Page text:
The Microsoft executive cited evidence showing that courts have approved secret electronic surveillance based only on cursory assertions that the government has satisfied the legal need for secrecy.
The Justice Department’s own template for a surveillance order application under 18 U.S.C. § 2703(d) does not even require a prosecutor to provide facts justifying the need for secrecy. The template merely blindly asserts that disclosure would “seriously jeopardize” the investigation for a variety of boilerplate reasons.
Since 2016, Microsoft has received an average of 7-10 secrecy orders each day, a period spanning the Obama, Trump and Biden administrations. That amounts to 2,400 to 3,500 secrecy orders a year. Keep in mind that these orders are just those aimed at Microsoft’s cloud services. Multiply these secrecy orders by those sent to Amazon Web Services, Google Cloud Platform, IBM Cloud, Oracle and many others and it is likely the number of secrecy orders issued since 2016 number is in the hundreds of thousands.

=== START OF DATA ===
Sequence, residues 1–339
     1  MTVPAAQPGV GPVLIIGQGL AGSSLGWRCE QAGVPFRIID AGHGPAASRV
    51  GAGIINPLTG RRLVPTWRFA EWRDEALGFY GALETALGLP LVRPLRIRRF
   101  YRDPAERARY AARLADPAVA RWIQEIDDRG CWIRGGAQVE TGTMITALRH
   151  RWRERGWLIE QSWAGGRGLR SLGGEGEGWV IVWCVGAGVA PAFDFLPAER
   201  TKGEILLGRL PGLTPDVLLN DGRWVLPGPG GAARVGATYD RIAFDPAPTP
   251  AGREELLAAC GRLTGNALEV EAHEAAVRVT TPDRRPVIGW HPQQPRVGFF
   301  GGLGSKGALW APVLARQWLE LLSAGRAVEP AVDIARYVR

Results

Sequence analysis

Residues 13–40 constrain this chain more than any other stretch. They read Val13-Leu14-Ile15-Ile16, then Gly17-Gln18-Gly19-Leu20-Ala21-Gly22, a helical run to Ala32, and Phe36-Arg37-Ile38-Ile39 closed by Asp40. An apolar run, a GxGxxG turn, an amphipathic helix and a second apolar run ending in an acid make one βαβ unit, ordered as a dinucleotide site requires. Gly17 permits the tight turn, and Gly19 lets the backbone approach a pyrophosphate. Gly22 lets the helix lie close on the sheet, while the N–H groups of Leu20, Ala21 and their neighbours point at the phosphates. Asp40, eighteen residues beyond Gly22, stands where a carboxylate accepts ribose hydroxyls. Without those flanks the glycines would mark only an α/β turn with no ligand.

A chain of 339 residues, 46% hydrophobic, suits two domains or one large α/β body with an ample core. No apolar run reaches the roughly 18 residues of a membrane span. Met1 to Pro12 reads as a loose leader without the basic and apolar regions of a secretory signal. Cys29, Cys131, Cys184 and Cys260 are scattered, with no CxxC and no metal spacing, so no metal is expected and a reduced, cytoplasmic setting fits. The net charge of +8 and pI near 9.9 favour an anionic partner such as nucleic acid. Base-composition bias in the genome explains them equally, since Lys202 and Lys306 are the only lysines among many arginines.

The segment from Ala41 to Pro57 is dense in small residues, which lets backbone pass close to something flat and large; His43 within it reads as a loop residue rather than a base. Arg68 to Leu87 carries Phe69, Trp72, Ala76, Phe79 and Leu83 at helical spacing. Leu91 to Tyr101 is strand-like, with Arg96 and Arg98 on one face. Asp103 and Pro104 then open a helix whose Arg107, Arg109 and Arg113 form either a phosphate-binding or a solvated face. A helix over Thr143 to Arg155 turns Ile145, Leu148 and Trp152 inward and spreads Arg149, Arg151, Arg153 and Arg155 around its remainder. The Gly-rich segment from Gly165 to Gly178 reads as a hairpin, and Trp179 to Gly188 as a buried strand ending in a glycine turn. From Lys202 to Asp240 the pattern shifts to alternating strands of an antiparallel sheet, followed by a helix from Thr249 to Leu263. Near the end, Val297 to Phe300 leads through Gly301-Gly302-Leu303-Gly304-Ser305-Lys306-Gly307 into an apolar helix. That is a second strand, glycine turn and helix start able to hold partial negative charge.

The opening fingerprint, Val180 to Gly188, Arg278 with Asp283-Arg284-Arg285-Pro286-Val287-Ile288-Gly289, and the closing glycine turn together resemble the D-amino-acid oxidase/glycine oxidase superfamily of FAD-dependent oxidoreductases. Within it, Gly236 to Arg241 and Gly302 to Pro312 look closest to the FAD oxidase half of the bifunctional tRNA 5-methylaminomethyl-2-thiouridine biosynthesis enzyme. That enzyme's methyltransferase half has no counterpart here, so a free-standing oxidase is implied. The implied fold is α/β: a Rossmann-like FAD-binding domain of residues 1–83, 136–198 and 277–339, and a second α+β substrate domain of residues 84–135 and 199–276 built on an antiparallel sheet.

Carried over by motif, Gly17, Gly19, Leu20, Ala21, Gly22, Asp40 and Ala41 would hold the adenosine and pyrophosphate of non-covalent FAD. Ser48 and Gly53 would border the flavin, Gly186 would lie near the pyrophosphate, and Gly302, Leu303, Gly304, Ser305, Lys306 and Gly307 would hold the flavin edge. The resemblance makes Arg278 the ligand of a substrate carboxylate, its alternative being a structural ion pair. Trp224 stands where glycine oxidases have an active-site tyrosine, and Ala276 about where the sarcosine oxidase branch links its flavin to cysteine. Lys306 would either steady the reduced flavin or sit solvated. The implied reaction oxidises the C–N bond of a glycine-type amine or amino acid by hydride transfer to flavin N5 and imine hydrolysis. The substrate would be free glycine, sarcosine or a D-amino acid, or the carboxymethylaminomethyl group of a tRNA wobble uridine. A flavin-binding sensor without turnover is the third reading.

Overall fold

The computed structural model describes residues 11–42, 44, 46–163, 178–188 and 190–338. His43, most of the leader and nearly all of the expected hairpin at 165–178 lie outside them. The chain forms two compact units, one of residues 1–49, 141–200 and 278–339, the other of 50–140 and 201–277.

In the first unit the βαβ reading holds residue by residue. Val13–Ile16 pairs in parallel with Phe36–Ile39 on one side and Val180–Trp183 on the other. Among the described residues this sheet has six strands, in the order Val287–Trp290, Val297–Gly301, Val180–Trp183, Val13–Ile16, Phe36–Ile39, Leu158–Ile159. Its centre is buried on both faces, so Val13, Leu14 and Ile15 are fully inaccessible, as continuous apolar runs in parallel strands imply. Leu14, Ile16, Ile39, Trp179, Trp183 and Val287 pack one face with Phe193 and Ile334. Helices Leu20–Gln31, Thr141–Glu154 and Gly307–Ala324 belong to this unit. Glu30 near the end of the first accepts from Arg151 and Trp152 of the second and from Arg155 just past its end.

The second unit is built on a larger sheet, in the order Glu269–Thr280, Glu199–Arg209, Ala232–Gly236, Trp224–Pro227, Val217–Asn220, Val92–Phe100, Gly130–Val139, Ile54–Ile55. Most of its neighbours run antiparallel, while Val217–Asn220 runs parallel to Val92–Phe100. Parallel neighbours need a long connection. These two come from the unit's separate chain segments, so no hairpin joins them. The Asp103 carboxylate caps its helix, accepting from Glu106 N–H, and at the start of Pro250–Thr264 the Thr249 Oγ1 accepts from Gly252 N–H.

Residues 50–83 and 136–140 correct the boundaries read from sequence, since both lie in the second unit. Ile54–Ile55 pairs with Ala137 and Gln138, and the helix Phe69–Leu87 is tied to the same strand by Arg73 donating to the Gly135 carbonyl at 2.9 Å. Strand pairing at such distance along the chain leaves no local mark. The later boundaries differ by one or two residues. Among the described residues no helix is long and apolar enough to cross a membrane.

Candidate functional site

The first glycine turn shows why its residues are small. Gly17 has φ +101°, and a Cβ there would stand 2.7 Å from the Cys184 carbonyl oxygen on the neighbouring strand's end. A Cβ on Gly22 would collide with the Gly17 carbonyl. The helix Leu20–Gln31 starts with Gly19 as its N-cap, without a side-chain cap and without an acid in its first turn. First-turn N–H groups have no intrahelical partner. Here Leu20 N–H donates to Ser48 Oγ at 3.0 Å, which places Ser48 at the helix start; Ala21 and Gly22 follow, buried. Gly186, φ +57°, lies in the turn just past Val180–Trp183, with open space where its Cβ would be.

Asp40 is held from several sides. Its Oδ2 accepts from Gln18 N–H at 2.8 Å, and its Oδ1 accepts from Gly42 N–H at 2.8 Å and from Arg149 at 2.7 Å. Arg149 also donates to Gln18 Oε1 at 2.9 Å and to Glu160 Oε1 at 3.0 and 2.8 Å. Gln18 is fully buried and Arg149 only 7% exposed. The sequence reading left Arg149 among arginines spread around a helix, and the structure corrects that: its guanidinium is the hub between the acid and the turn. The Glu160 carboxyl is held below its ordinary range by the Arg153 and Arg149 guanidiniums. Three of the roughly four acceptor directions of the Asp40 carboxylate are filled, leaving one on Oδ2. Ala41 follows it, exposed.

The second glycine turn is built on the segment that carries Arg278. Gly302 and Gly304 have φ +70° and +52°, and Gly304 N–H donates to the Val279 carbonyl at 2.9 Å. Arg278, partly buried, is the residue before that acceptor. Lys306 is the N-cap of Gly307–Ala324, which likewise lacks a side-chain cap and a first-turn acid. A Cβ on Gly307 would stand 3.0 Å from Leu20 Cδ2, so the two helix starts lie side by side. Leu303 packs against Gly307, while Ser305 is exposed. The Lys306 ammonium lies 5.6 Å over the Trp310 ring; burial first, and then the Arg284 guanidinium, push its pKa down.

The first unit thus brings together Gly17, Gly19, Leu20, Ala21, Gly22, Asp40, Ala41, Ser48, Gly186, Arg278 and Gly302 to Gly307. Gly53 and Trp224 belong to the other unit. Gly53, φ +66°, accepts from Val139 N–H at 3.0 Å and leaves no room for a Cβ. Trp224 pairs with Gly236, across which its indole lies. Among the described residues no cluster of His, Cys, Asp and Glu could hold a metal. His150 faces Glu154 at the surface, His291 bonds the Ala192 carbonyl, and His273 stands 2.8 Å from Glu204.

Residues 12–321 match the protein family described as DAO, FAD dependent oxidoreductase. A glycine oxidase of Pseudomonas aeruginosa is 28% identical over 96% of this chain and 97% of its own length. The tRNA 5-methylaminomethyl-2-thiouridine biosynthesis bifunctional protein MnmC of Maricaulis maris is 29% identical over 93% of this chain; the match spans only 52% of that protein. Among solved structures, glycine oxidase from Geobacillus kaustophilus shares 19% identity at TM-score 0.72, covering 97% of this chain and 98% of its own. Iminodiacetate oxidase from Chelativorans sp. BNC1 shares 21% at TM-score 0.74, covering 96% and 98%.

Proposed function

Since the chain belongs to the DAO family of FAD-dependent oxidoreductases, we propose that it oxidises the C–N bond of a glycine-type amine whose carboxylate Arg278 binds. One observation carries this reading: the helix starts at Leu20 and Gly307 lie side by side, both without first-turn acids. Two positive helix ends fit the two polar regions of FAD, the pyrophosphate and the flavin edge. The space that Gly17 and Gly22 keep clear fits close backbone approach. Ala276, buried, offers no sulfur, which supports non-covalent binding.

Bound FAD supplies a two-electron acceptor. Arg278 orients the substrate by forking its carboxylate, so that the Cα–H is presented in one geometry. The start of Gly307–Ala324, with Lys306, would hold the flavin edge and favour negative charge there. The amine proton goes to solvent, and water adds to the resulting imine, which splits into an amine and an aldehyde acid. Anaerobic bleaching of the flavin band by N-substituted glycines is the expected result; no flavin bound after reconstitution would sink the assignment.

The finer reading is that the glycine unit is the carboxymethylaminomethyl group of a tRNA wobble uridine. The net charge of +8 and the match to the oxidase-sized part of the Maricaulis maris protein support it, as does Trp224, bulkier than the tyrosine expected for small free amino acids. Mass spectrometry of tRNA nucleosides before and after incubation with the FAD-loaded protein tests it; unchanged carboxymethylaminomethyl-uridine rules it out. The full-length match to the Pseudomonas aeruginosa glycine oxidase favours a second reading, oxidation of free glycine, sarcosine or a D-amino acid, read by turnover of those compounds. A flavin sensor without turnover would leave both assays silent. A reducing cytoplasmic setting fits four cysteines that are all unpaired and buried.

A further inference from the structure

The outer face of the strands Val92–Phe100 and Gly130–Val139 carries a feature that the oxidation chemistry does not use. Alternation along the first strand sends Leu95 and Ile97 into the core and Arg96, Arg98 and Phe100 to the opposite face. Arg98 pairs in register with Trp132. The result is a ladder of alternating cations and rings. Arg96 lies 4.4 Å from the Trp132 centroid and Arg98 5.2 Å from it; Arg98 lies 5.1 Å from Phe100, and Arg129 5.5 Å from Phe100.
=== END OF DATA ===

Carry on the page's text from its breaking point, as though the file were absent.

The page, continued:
When will Amazon, Google, IBM and Oracle step up and speak out the way Microsoft has?
The targets of those searches include customers who are not the subjects of investigation, but whose privacy can be considered a collateral casualty. So can large organizations – media companies, universities, corporations and the like – who are either not notified or slapped with a gag order.
Microsoft noted an even more disturbing trend. The government has engaged in court discovery negotiations about an organization under investigation while simultaneously and secretly demanding the company provide the same records. This is done to circumvent disputes over privilege and the extent of discovery in court.
“In law enforcement’s own words, it was simply easier,” Burt said. The basis for a secrecy order should never be because it’s “easier,” yet it has become commonplace.
The fact that email accounts are private only further complicates the issue, Burt said. In 2017, for example, Microsoft received a secret subpoena that targeted a congressional staffer, but the company had no way of knowing who the individual was, or what the subpoena concerned. It was only after the secrecy order expired and Microsoft – not the government – notified the individual about the subpoena that the company learned about the troubling circumstances at issue.